Research funders publish framework to tackle multiple long-term conditions

New framework sets out a vision for how the funding community will drive forward the research agenda to tackle the growing problem of people living with multiple long-term conditions (multimorbidity).

People with multiple long-term conditions are not receiving the evidence-based care they need because of a lack of research. The Academy of Medical Sciences, Medical Research Council (MRC), the National Institute for Health Research (NIHR), and Wellcome are addressing this by setting out to drive forward the multimorbidity research agenda in the UK and globally.

The new framework identifies areas where funders can to work together to support and develop the multimorbidity research landscape. It was developed through engagement with a wider group of research funders and charity groups.

Our global population is ageing and growing, which means more people are likely to be living with more than one long-term condition like cancer, diabetes, dementia or depression. In the EU alone, an estimated 50 million people suffer from multiple long-term conditions, with negative consequences for patients and healthcare systems.

“People living with more than one illness often have more medical appointments and medications to manage, and doctors can struggle to balance their care. The toll of this can have a big impact on the quality of life of patients and their families.” - Professor Sir Robert Lechler PMedSci, President of the Academy of Medical Sciences.

In the current COVID-19 pandemic, people with some long-term conditions may be more vulnerable to severe disease if they get the virus, and have been advised to stay at home and ‘shield’. This has raised more complexities in delivering their care, and may have an impact on their mental health.

To tackle the complex problem of multiple long-term conditions, funders are taking multimorbidity out of the ‘too difficult’ box. The new framework provides a vision of the research needed to improve our understanding of multiple conditions, and the changes needed in our ways of funding and conducting research in this area.

“How to prevent and manage multiple diseases is a challenge that GPs face every day, yet we have almost no evidence on which to provide guidance as to how to do this most effectively.” - Professor Stephen MacMahon FMedSci, Chair of the Academy of Medical Sciences multimorbidity working group.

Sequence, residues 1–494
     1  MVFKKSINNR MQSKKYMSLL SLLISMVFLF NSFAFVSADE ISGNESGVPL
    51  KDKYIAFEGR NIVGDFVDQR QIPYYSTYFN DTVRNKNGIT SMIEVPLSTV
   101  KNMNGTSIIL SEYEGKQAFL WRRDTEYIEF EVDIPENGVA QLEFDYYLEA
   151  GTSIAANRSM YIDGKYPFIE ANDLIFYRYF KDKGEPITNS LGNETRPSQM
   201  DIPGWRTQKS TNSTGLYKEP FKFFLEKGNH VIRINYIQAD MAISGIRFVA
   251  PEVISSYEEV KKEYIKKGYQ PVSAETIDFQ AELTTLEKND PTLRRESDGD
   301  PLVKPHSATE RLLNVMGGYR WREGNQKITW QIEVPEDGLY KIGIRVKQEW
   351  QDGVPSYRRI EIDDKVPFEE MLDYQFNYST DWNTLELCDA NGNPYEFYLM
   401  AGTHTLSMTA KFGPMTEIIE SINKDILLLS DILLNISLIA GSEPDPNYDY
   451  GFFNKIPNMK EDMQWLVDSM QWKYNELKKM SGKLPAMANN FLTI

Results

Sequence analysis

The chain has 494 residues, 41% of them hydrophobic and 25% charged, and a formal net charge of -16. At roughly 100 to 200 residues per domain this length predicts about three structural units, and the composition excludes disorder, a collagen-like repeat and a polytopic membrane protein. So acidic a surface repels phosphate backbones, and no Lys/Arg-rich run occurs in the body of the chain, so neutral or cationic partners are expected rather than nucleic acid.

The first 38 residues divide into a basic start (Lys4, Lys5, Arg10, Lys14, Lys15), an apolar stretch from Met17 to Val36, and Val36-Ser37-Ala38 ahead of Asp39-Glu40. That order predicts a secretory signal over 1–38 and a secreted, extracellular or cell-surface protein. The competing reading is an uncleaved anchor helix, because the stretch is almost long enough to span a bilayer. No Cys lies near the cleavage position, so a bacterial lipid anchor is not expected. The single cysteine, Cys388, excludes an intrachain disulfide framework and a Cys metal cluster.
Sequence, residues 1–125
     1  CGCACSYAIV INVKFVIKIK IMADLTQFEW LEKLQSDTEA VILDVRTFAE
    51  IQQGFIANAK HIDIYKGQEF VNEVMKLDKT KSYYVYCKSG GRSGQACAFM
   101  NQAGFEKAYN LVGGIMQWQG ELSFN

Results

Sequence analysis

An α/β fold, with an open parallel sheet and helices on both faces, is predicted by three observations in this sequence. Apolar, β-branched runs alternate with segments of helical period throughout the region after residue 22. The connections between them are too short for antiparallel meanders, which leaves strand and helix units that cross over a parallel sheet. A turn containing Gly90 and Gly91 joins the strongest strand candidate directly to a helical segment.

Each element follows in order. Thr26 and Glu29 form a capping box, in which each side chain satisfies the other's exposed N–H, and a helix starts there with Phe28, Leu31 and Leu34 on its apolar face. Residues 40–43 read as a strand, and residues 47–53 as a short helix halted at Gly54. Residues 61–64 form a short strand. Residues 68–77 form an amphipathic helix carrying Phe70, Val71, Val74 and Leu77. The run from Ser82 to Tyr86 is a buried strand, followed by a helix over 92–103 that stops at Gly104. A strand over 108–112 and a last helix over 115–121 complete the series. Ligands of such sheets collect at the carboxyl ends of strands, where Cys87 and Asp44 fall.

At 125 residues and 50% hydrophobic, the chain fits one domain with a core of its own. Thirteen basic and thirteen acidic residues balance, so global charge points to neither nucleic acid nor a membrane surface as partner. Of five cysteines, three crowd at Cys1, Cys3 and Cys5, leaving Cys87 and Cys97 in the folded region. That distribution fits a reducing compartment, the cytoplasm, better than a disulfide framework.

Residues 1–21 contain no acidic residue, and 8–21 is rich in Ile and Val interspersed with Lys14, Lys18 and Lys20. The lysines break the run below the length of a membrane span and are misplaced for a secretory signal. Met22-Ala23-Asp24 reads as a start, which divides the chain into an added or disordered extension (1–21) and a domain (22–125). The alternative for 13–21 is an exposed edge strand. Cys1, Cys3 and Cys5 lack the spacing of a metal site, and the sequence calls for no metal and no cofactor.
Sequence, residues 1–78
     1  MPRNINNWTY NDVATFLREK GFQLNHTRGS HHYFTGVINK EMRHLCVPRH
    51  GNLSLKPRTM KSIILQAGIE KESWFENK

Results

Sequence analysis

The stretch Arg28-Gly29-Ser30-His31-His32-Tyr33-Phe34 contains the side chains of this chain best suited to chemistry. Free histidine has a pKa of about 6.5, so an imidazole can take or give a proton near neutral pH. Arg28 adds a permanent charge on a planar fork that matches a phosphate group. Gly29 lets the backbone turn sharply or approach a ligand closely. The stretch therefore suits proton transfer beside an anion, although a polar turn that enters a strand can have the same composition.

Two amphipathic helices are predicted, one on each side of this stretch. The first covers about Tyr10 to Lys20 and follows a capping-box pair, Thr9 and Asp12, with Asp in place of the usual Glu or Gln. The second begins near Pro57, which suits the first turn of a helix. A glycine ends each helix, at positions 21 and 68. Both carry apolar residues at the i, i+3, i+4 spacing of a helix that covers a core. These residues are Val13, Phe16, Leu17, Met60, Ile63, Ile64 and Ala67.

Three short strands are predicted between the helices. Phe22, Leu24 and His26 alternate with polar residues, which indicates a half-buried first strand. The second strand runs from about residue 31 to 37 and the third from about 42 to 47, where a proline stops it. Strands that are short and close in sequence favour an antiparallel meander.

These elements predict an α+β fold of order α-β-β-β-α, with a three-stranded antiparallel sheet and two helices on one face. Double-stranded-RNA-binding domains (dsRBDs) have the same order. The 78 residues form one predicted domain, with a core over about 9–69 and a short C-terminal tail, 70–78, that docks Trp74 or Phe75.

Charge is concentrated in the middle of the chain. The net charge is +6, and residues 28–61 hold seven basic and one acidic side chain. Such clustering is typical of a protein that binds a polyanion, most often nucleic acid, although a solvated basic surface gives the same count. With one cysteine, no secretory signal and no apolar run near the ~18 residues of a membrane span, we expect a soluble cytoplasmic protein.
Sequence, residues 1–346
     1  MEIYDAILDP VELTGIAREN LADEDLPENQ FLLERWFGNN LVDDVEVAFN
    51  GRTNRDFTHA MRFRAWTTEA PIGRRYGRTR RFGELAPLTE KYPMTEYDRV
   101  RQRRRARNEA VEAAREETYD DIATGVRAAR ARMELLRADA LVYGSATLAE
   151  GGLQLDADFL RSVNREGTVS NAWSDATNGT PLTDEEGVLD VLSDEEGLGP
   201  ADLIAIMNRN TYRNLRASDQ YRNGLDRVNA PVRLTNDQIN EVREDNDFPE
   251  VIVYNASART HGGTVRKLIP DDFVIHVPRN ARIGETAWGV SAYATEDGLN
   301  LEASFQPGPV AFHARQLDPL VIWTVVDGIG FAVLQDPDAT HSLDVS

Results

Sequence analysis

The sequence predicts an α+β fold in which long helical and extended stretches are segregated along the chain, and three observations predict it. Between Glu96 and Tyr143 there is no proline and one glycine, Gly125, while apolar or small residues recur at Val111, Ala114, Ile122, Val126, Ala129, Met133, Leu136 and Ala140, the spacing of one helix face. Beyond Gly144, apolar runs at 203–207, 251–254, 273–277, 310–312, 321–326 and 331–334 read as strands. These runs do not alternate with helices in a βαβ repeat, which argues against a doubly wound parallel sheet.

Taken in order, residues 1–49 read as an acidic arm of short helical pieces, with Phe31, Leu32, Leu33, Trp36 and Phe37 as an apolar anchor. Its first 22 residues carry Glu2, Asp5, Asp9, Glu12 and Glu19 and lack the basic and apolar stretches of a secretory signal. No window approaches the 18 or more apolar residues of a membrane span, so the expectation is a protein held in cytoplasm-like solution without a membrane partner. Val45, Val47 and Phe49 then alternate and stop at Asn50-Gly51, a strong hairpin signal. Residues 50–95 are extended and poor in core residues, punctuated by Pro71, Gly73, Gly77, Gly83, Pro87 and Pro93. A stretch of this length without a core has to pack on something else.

While the COVID-19 pandemic has tested the limits of healthcare systems, it has also demonstrated the incredible flexibility of the NHS. This may reveal opportunities to rethink how we approach care for multiple long-term conditions, which has been identified as key to rise to the challenge of multimorbidity.

Another important aspect of addressing this challenge that is highlighted in the framework is including more people with multiple conditions in clinical trials. Trials frequently exclude these people under current practices, which means we cannot be sure drugs will be as safe or effective in these patients as expected.

We recognise that understanding multiple conditions cannot focus on biomedical aspects alone; the personal experiences of diverse patients must also be included, as a report by the Taskforce on Multiple Conditions illustrates.

This requires skilled teams working across multiple disciplines, such as social sciences, healthcare and biological sciences. We are pleased to see that is already a core feature of some research initiatives, such as the International Research Community on Multimorbidity.

It is encouraging to see the MRC, NIHR already commit funds for research on multiple long-term conditions and we believe shared and aligned ways of working are important for encouraging further work in this area. The funders hope that this framework offers a valuable tool to support new knowledge exchanges, funding and scientific collaborations.

“Multimorbidity is not an intangible problem. Research can give us the evidence needed to tackle this major health challenge and improve patients’ lives across the globe.” - Professor Sir Robert Lechler PMedSci, President of the Academy of Medical Sciences.

Download the framework here. The Academy of Medical Science will continue to support this work through our collaboration with MRC, NIHR and Wellcome, our joint web resources, and our commitment to amend the framework over time to reflect new advances.

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